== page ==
The latest addition to our Science & Regulatory Affairs team, self-confessed marine science nut Tibiabin Benitez-Santana brings an infectious can-do attitude, along with a wealth of hands-on lab experience, to her aquaculture researcher role.
Walking us through her day to day, Tibiabin explains how having the opportunity to dive ever deeper into the science of krill inspired her to make the switch from the academic world to that of Aker BioMarine.
First things first, what inspired you to study aquaculture?
I am from Gran Canaria, and grew up swimming and scuba diving, so it seemed very natural to have a career connected to the sea. I was fascinated by marine biology and chose to study marine science. Continuing my studies and moving in a slightly different direction, I started my Masters in aquaculture. I quickly discovered how interesting it was to care for marine fish larvae, by understanding the lipid metabolism. I was hooked, and still am.
Walk us through your career history prior to joining Aker BioMarine
In 2004 I started my career as an aquaculture researcher in the Aquaculture Research Group and by 2011 had concluded my PhD thesis on the effects of polyunsaturated fatty acids (PUFAs) on sea bream and red porgy.
From there I moved to Paris in 2013 to become a postdoctoral research assistant in the Neurobiology and Development Research Unit at the French National Centre for Scientific Research (CNRS) and French National Institute for Agricultural Research (INRA). The main objective of this project was to study the effect of food availability and lipids/long-chain polyunsaturated fatty acids on neural stem cells in zebrafish.
Moving on in 2015, I joined the Schlegel Laboratory at the University of Utah, working as a postdoctoral research assistant. In this project I worked on the role of liver X receptors in intestinal lipid handling in zebrafish. Fast forward to September 2017 and I joined Aker BioMarine as an aquaculture scientist.
“The main reason I wanted to join the company is because Aker BioMarine consistently strives for excellence in research, full stop”.
What attracted you to AKBM and made you want to join the company?
During my first post-doctoral research project, I actually conducted a study using krill meal from Aker BioMarine. The objective was to test diets rich in krill with seabream larvae to check the performance, as well as the hepatic utilization of dietary lipids and the incidence of enterocyte injuries (liver and intestine health). Found to be beneficial as an ingredient in marine fish larvae diets, that put the company on my radar, so to speak. But the main reason I wanted to join the company is because Aker BioMarine consistently strives for excellence in research, full stop. In the Science & Regulatory Affairs team we recognize that science benefits from, not only the latest techniques, but also, the latest real-world data. Krill is one of the best sources of omega-3 fatty acids and learning more about how it impacts freshwater and marine fish health and performance is absolutely integral to our science.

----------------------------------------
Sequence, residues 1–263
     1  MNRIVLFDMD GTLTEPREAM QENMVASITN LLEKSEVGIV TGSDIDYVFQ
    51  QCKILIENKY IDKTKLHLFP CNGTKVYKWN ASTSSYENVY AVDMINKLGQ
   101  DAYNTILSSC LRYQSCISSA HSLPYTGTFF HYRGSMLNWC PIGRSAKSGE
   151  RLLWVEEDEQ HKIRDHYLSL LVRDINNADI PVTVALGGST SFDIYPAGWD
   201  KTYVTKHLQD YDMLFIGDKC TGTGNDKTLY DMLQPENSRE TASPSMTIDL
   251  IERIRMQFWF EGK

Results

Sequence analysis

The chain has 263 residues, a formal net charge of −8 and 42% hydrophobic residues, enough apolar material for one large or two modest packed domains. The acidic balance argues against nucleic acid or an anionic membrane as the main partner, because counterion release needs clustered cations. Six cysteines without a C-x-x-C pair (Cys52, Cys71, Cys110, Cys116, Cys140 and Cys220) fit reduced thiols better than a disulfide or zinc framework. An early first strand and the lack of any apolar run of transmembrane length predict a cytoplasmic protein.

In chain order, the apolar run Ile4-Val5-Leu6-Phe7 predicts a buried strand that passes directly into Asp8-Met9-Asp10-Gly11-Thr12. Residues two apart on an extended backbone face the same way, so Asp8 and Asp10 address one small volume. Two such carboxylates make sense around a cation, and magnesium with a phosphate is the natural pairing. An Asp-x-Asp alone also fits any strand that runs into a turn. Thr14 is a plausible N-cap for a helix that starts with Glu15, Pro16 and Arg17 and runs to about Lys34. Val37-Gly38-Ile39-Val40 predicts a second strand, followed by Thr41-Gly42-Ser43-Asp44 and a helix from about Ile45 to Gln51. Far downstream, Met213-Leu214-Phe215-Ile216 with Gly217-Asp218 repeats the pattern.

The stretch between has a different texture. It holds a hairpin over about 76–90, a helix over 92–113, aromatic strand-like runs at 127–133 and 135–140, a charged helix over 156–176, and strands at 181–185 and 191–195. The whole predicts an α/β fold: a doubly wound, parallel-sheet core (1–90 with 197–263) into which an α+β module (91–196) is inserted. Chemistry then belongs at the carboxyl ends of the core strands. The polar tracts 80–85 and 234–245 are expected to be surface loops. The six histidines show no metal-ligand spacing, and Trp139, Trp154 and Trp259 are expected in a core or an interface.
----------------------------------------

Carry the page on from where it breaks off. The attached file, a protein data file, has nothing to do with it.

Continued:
Having spent almost fifteen years in the academic world how have you found the transition to working for a commercial company?
To be honest it has been very easy for me as Aker BioMarine, as I mentioned, is a company driven by science. I’ve always believed we must constantly look for new ways and new technologies to better understand how nutrition and metabolism can improve sustainability and productivity in aquaculture research. Aker BioMarine lives this idea 24/7 and the science team plays a fundamental advisory role in almost every facet of the business. My role includes setting up research projects and designing methodology with third-party companies and research centres and sponsoring other academic work. While I don’t spend each and every day in the lab any more, it’s still an integral part of my job.
“My advice to women is don’t think about your gender at all when considering a career in aquaculture. Frankly, if you are motivated, you can do anything”.
You’ve worked with a huge variety of species during your career – would you like to see the aquaculture industry diversify further?
Absolutely, the industry has enormous potential. We have a way to go before we can realistically consistently produce farmed octopus for example, but it is important to at least begin to look at a wider variety of species. Different cultures and communities prefer different species; not everybody in the world is drawn to salmon in the same way as we are in Norway.
What advice would you give to women looking to start a career in aquaculture?
Fifty percent of my colleagues have been women so, in the lab at least, gender equality hasn’t been a big issue. However, when you venture out of the lab into the corporate environment, the age-old problem of gender bias and sexual discrimination sadly still exists, and women are still woefully underrepresented in the boardroom. Things are slowly changing, and I am optimistic, so my advice to women is don’t think about your gender at all when considering a career in aquaculture. Frankly, if you are motivated, you can do anything. Show initiative, speak up, enjoy your research and take your own path.
What would be your dream role in aquaculture and do you think it’s realistic to achieve?
I am very fortunate to be working in a role I never could have imagined existed when I started my academic studies, so you could say I am living the dream right now. But, looking ahead, a personal ambition would be to somehow help enable and promote the growth of aquaculture in developing countries. Providing a much-needed lipid-rich food resource in the places which really need it is an important and logical next step for the aquaculture business. I would love to be a part of that.
Original interview published by thefishsite.com in their Women In Aquaculture series, published 23rd July 2018.